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I searched in The American Heritage Dictionary of the English Language for win’s definitions to see it’s usage but I couldn’t figure out whether it can be used sarcastically with a negative connotation or not.

Ex:

Can I say, “I won lots of down votes”?

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    it can be used sarcastically, for sure (your example makes lots of sense.) I can't quite figure out what you mean by "pejoratively." – hunter Jun 19 '14 at 8:01
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    @hunter, just wanted to say with a negative connotation but maybe pejorative is not the appropriate word. – Lucian Sava Jun 19 '14 at 8:07
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    Virtually, any words can be used ironically. I guess I prefer saying ironically to sarcastically here; however, it would depend on the speaker's intention. See also: en.wikipedia.org/wiki/Irony#Verbal_irony_and_sarcasm. – Damkerng T. Jun 19 '14 at 9:38
  • @DamkerngT., It’s still arguably as said in the link you provided. Thank you, it's a good link indeed. – Lucian Sava Jun 19 '14 at 9:47
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Sure you can. Sarcasm is essentially saying the opposite of what you mean, but in a certain tone which reveals your true feelings. There's no reason you can't employ win in this fashion. Winning something has positive polarity (no or not doesn't appear in the sentence) but it doesn't entail positive emotions (the result might make you feel bad).

Your example I won lots of downvotes does just that. You've "won" (been awarded or successfully acquired) something you don't want, so the outcome is undesirable.

You might also use win sarcastically to describe a hollow or meaningless victory:

I heard you won the tournament, great job!
Oh yes, I won a crushing victory... because nobody else showed up to compete.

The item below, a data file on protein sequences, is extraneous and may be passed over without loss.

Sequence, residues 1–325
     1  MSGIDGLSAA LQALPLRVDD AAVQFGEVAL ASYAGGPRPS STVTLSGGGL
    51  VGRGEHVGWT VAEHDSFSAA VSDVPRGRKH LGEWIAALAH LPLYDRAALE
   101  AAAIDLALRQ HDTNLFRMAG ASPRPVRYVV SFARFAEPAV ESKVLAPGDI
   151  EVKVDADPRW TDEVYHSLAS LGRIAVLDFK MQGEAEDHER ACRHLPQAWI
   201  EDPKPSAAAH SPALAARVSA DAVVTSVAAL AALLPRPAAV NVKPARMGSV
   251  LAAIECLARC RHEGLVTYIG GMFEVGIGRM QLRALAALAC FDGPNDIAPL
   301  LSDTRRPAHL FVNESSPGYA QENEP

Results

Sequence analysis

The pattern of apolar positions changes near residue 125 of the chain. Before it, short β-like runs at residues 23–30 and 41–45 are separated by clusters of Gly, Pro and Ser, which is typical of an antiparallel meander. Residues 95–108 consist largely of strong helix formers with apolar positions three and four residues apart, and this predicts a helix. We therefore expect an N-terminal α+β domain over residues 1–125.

The implication here is that the second person didn't really win at all as there was no competition. There's a negative connotation because joining a tournament and winning by default tends to make one quite cranky.

Someone extremely cruel might say you won! very sarcastically to someone else finishing in last place or performing exceptionally poorly. Similarly, someone doing something trivial or stupid and acting as if they had made a great accomplishment might receive a dry remark of congratulations, you win the prize.

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Good question. The word 'win' can be used in negation if the competition or the contest is of winning something bad or badly!

The sentence I won lots of down votes is okay if the goal was to win the downvotes.

Originally, the word is used in a positive way. However, in some contexts, it's used to mention getting/gain something but still in a negative way. An example:

Representative Richard A. Gephardt of Missouri spent $18 million in his presidential campaign, which ended after he won fewer than 14,000 votes in Iowa. That works out to about $1,300 per vote, which would be enough to buy every voter a chicken, a pot and a full-featured stove.

He won the title of the worst actor and constructions the like use win in a negative way but ultimately due to the nature of the competition/concept, it's actually positive. I daresay, win is always positive.

A tongue-in-cheek remark in the headlines that uses 'win' but sarcastically:

Razzies: Will and Jaden Smith "win" worst actor honors

  • Should we always use quotation marks like in the link you provided to draw attention that it’s used sarcastically or is just a matter of style? – Lucian Sava Jun 19 '14 at 9:15
  • @LucianSava It's a matter of style and emphasis. Quotes make sarcasm explicit and obvious. Sometimes we want to be more subtle about it. The catch is that sarcasm can be difficult to detect in written English, because it makes heavy use of non-literary components like tone of voice or body language. – Esoteric Screen Name Jun 19 '14 at 9:29
  • certainly, it's just a matter of style. – Maulik V Jun 19 '14 at 9:55
  • The sentence I won lots of downvotes is okay even if the intent is to avoid downvotes. For example: "I decided to schedule the board meeting on Friday afternoon, at 4 PM." Answer: "I'll bet that won you a lot of enemies!" That works, even if the meeting's organizer wasn't trying to lose friends. – J.R. Jun 19 '14 at 16:08

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